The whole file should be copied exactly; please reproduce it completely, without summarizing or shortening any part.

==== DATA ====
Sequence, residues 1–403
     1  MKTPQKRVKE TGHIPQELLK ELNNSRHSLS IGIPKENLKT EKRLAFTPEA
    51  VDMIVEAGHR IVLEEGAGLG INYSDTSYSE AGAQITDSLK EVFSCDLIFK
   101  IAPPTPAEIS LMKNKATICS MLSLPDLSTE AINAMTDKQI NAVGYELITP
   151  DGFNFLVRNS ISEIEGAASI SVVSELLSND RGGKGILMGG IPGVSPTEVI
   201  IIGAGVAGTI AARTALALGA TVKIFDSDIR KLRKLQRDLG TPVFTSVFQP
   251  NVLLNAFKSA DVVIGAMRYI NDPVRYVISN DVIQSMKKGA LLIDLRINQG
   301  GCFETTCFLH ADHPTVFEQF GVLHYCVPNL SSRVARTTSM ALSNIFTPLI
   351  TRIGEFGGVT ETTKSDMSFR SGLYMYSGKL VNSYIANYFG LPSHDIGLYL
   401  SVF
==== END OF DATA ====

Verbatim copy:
Sequence, residues 1–403
     1  MKTPQKRVKE TGHIPQELLK ELNNSRHSLS IGIPKENLKT EKRLAFTPEA
    51  VDMIVEAGHR IVLEEGAGLG INYSDTSYSE AGAQITDSLK EVFSCDLIFK
   101  IAPPTPAEIS LMKNKATICS MLSLPDLSTE AINAMTDKQI NAVGYELITP
   151  DGFNFLVRNS ISEIEGAASI SVVSELLSND RGGKGILMGG IPGVSPTEVI
   201  IIGAGVAGTI AARTALALGA TVKIFDSDIR KLRKLQRDLG TPVFTSVFQP
   251  NVLLNAFKSA DVVIGAMRYI NDPVRYVISN DVIQSMKKGA LLIDLRINQG
   301  GCFETTCFLH ADHPTVFEQF GVLHYCVPNL SSRVARTTSM ALSNIFTPLI
   351  TRIGEFGGVT ETTKSDMSFR SGLYMYSGKL VNSYIANYFG LPSHDIGLYL
   401  SVF